Monday, April 7, 2014

Mickey Rooney

Mickey Rooney's life read like a B movie: fame and fortune far too young with far too little understanding, followed by wild excesses and extreme poverty and a final act of redemption. As a script it would have undoubtedly been rejected.

He will forever be linked with Judy Garland, two hugely talented young performers who struggled to deal with the realities of life once the director yelled "cut". Theirs was a partnership born in a very different moment in time in the film industry and in our culture. On the heels of the Great Depression and on the eve of war,  we were a country less cynical and more willing to embrace the promise of hope. Rooney and Garland captured this with a spark of the spirit and the twinkle of the eye.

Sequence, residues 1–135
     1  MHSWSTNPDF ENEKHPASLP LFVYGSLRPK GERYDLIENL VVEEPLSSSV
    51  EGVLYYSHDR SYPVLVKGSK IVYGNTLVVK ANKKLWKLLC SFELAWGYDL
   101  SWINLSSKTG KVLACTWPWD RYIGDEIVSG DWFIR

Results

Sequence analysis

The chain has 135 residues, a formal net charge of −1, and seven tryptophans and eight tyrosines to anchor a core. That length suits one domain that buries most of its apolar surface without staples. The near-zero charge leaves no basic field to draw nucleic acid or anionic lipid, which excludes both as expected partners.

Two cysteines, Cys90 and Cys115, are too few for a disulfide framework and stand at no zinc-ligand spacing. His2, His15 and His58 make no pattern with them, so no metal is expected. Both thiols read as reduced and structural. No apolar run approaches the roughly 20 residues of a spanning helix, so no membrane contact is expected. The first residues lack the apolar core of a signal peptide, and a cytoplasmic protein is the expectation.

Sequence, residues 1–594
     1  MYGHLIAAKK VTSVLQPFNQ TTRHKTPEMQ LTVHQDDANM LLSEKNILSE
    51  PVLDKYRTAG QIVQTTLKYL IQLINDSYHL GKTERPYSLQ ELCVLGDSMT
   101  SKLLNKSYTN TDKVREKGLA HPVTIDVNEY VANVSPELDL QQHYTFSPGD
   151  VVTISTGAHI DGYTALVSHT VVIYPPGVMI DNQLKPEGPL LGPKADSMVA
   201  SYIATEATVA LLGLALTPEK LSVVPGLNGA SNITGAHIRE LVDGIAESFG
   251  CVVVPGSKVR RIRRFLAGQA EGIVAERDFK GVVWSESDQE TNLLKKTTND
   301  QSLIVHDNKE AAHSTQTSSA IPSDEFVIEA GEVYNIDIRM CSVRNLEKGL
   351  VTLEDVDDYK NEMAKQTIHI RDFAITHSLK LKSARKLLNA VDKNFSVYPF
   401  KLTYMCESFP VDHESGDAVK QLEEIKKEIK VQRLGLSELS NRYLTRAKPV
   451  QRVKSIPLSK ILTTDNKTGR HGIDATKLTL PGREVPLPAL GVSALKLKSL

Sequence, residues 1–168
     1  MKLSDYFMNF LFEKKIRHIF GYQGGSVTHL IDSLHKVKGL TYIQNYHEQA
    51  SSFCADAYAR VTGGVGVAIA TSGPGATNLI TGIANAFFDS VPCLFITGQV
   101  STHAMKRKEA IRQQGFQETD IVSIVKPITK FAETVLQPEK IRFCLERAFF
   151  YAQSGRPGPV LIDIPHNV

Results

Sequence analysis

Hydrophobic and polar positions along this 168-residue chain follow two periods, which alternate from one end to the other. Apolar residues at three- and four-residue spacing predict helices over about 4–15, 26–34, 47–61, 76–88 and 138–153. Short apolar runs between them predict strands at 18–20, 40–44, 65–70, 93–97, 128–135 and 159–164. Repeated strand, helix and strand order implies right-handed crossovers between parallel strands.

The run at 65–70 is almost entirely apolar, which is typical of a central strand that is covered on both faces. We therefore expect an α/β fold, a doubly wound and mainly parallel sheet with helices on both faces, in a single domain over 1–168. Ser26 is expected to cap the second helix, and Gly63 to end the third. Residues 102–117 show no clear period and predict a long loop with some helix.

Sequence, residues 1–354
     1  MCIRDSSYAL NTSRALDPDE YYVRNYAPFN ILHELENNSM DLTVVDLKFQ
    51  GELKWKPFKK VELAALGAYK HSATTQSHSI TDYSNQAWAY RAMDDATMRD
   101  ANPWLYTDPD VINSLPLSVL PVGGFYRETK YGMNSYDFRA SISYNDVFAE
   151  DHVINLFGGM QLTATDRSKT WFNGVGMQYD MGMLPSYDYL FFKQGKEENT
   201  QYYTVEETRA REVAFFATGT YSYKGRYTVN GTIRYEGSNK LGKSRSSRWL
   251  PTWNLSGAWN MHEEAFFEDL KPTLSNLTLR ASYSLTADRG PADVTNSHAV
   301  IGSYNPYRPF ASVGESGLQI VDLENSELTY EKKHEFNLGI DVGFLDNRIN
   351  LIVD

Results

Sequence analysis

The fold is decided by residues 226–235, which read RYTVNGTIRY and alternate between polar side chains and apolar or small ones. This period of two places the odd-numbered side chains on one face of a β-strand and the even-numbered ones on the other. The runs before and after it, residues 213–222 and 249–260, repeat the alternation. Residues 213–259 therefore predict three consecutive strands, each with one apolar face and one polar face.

And one other item caught my attention as I read the NY Times piece on the life of Mr. Rooney: how hard working an actor he was at the height of his stardom. We have grown accustomed to our biggest stars appearing before us for a brief moment and then disappearing into the night. Not so in the days when there were contracts with studios and even a Mickey Rooney had a clock to punch and a job to go to every day.

He was a little man of big stature, and though his star certainly faded over the years, he will hopefully be remembered kindly by history as something more than a meteor who shined for a moment and then burnt out.

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